Last one and just look at that eye!
The new care sheet will be coming soon so keep stopping by,
Here are two pictures of one of our young Tanzanian Female Red House Snakes. This is the most common species Lamprophis Fuliginosus which is highly variable in color and pattern. Red of course is the most popular color for obvious reasons.
The two pictures here are really the same picture cropped differently because this is our one biter in the bunch and she is still adjusting to captivity. While she has not bit for over a week she still is a bit nervous so I put her up as soon as I got a decent shot to work with. She is currently about 16 inches and about the diameter of a pencil. She is going to be one beautiful adult and produce some wonderful babies one day.
This "high red" is not from selective breeding, she is actually a wild caught animal strait from Tanzania. Right now we are adding animals only from known blood lines, either via captive bred from fellow breeders who keep lines pure or from known localities and species from ethically captured animals.
Clicking on the images will enlarge them to their full size,
In the first shot you get a really nice view of her beautiful color and pattern. House Snakes look their best under good light. Look at this girl under pale light and you see here is mildly red brown but looks what happens with good lighting. What a beautiful little girl!
I reduced the next image less and cropped it tighter around her head so you could get a better look at the head pattern, eye striping and the eyes themselves.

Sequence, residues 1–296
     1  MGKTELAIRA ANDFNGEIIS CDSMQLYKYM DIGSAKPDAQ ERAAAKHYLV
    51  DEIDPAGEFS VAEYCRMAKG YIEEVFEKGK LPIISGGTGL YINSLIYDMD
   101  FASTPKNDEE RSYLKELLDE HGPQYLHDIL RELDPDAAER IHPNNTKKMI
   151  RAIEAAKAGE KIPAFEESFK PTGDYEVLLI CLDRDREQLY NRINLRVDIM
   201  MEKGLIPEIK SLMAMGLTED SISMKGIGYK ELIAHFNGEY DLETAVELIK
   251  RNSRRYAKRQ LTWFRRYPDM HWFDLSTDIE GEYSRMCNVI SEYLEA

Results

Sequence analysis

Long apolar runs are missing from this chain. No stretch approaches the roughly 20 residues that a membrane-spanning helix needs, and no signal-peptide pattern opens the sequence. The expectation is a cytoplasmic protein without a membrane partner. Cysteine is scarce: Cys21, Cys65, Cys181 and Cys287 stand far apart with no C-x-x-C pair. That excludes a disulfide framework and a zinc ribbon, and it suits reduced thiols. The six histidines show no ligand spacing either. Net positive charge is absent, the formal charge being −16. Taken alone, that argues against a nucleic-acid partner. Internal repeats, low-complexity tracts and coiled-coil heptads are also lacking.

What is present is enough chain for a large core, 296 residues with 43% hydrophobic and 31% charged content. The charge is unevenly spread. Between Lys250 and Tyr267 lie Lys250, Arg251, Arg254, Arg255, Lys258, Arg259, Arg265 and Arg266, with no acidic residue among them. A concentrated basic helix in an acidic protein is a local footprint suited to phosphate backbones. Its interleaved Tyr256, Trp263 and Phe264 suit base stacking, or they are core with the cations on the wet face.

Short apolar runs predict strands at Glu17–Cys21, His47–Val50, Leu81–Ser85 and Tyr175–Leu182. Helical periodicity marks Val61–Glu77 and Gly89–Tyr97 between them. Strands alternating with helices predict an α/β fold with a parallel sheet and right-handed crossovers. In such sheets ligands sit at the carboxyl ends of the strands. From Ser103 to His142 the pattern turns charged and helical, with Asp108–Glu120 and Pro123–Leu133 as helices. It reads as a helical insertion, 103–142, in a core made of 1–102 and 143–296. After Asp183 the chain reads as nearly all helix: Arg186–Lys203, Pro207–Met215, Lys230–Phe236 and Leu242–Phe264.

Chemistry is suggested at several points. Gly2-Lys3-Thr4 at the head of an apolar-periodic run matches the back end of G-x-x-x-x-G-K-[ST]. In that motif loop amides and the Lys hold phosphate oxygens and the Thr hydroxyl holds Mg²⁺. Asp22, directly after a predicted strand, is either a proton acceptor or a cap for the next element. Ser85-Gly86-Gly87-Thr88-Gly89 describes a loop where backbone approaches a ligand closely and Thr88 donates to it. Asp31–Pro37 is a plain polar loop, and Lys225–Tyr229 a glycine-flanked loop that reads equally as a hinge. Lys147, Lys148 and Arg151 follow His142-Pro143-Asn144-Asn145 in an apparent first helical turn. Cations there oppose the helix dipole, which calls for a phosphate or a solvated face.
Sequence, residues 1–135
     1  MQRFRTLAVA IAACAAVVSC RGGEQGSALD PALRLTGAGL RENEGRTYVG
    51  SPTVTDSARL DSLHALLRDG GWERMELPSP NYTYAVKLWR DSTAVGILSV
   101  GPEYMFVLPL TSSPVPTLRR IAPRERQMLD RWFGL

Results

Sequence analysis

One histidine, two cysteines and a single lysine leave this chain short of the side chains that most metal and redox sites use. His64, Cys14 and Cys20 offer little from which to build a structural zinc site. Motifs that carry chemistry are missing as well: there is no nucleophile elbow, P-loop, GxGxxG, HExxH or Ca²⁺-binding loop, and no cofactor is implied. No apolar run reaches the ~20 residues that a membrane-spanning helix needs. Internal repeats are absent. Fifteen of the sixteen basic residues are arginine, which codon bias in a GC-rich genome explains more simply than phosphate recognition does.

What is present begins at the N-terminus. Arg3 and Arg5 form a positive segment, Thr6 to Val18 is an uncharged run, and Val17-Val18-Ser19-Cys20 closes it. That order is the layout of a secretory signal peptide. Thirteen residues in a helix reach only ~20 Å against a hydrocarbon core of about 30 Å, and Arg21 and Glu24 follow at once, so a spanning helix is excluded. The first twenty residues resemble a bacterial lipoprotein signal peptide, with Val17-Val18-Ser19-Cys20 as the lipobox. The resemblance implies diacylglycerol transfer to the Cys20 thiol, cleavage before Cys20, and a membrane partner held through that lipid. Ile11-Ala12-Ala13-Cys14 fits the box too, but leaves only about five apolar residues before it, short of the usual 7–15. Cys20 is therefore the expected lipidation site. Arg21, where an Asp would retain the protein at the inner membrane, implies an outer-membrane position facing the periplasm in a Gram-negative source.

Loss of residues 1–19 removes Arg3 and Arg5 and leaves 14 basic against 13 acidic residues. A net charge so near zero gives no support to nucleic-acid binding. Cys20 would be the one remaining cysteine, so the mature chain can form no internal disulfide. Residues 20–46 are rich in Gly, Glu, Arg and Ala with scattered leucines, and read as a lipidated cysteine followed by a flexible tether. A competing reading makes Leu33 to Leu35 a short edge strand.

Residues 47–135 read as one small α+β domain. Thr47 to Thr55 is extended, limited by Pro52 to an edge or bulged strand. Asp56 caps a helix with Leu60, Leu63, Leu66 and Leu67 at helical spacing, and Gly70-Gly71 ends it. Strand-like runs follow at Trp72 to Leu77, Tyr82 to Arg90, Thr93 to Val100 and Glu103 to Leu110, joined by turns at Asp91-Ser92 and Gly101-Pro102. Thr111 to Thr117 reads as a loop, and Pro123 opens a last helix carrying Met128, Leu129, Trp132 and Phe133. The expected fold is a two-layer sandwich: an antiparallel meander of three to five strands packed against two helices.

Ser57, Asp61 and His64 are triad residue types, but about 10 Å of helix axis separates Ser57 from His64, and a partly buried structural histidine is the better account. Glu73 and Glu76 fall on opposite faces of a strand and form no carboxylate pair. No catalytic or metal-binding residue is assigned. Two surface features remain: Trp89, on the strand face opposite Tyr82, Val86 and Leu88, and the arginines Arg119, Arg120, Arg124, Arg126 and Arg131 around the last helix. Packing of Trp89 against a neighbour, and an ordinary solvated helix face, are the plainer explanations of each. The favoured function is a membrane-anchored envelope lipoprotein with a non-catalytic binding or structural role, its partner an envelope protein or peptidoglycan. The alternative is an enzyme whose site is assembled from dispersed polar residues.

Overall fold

We will be posting a very in depth care sheet and some shots of one of our Zululand "Normals" in the next few days so stay tuned.
Wednesday, September 20
If you keep a few snakes then it is easy to rely on your local pet shops for your feeder rodent needs. Even the small scale breeder can often get by just picking up some frozen rodents at one or two reptile shows a year. Yet if like me you keep a colony or just don't want the hassle of having to worry about getting feeders often buying in bulk is a great idea.
Having just built my colony to a point where I am going though a lot more mice then a few months ago I decided to take the plunge and buy a pile of mice from Rodent Pro. I knew they had a good reputation but many claimed shipping killed off any savings. Well when you purchase about 300 mice in one shot like I just did then the shipping is a lot easier to justify.
I was concerned about frozen mice by mail especially when it was not going to be shipped over night. My experience was excellent!
Upon order I received an email telling me that I should receive my order by Sept 21, it arrived one day early on the 20th today.
I was highly impressed by the obvious care that went into packing my mice, they were wrapped in plenty of insulation with a large quantity of dry ice. They were all still frozen solid as if right out of s deep freezer.
What struck me is how clean the mice were compared to other suppliers I have bought from in the past. The small pinkies were clearly all about a day old at maximum and perfect for my tiny new borne house snakes. I also ordered fuzzies, weanlings, small adults and adults. All were excellent, well packaged and clean.